1. That under Section 386(b)(ii) and (iii) of the CrPC adjudication and examination of the order on sentence was still necessary, even when order of conviction has been upheld or modified under Section 386(b)(i);

2. The appellate court had to specifically hear the accused on the quantum and nature of sentence imposed

3. That weightage should have been given to relevant factors like-age at which the offence was committed, likelihood of convict reforming in jail, etc while sentencing.

The Bench relied and cited a catena of judgments that have been followed by the Courts on the different principles enunciated in the arguments and submissions. The Court took note of the age of the convicts at the time of the offence, numerous appreciation certificates for work done in jail with the most recent being COVID-19 crisis, their behaviors, and that they have undergone a period of more than 17 years of actual sentence.

The Court relied on Manoj v. State of Madhya Pradesh for reiterating the principle that the Trial Courts must conduct such psychiatric and psychological evaluation examinations so as to form a background to compare for appellate courts, to evaluate the progress of the accused towards reformation, achieved during the incarceration period.

"To put it simply - although the trial courts are not empowered to impose such special sentences, yet at the stage when they arrive at findings of guilt in the case of a heinous offence, what would be the nature of the sentence imposed eventually, is unknown; therefore, the prosecution would have to inform the court, and present relevant materials (as elaborated in Manoj), in case the death sentence is proposed. In that event, if ultimately death sentence is not imposed, it is open to the state (or the aggrieved party, under Section 372 CrPC) to appeal against the trial court judgment on the point of sentence; at that stage the evaluation before the High Court would be nuanced, and informed with full materials, about the convict, which otherwise it would not have the benefit of. Further, if considerable time has elapsed since the trial stage at which this exercise was undertaken, the appellate court should direct that a fresh attempt be made, to take into account the contemporaneous progress, if any, made by the convict", the Bench noted. Which even otherwise should be exercised in cases where the accused might eventually not be imposed the death sentence, Court further added.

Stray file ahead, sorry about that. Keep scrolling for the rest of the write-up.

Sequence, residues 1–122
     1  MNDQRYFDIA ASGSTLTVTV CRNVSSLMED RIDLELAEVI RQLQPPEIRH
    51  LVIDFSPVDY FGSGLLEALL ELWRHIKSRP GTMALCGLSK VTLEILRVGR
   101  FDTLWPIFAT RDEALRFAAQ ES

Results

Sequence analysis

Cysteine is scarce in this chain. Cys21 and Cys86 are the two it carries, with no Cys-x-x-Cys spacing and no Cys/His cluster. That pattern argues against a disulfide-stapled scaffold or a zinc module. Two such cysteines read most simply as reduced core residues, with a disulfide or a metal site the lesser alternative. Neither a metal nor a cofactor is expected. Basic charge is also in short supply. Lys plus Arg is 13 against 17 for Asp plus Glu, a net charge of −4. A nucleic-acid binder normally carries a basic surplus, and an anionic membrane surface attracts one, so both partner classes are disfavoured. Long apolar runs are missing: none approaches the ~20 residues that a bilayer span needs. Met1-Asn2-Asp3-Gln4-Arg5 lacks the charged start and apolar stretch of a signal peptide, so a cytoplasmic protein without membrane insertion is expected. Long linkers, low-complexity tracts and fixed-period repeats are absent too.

The Court after taking note of the ‘aggravating circumstances’ in the present case noted, “The sole motive for this crime seems to have been greed. Undoubtedly, there was premeditation in the commission of the crime.

However, while answering in affirmation to the grounds raised by the appellants, the Court was of the opinion, " In case this results in imposition of death sentence, at the stage of confirmation, the High Court would have the benefit of independent evaluation of these materials. On the other hand, if death sentence is not imposed, then, the High Court may still be in a position to evaluate, if the sentence is adequate, and wherever appropriate and just, impose a special or fixed term sentence, in the course of an appeal by the state or by the complainant/informant. Given the imperative need for such material to form a part of the court’s consideration, it has to be emphasized that in case the trial court has failed to carry out such exercise (for whatever reason), the High Court has to call for such material while considering an appeal filed by the state or complainant for enhancement of sentence (whether resulting in imposition of capital punishment, or a term sentence)".

Cause Title: Vikas Chaudhary v The State of Delhi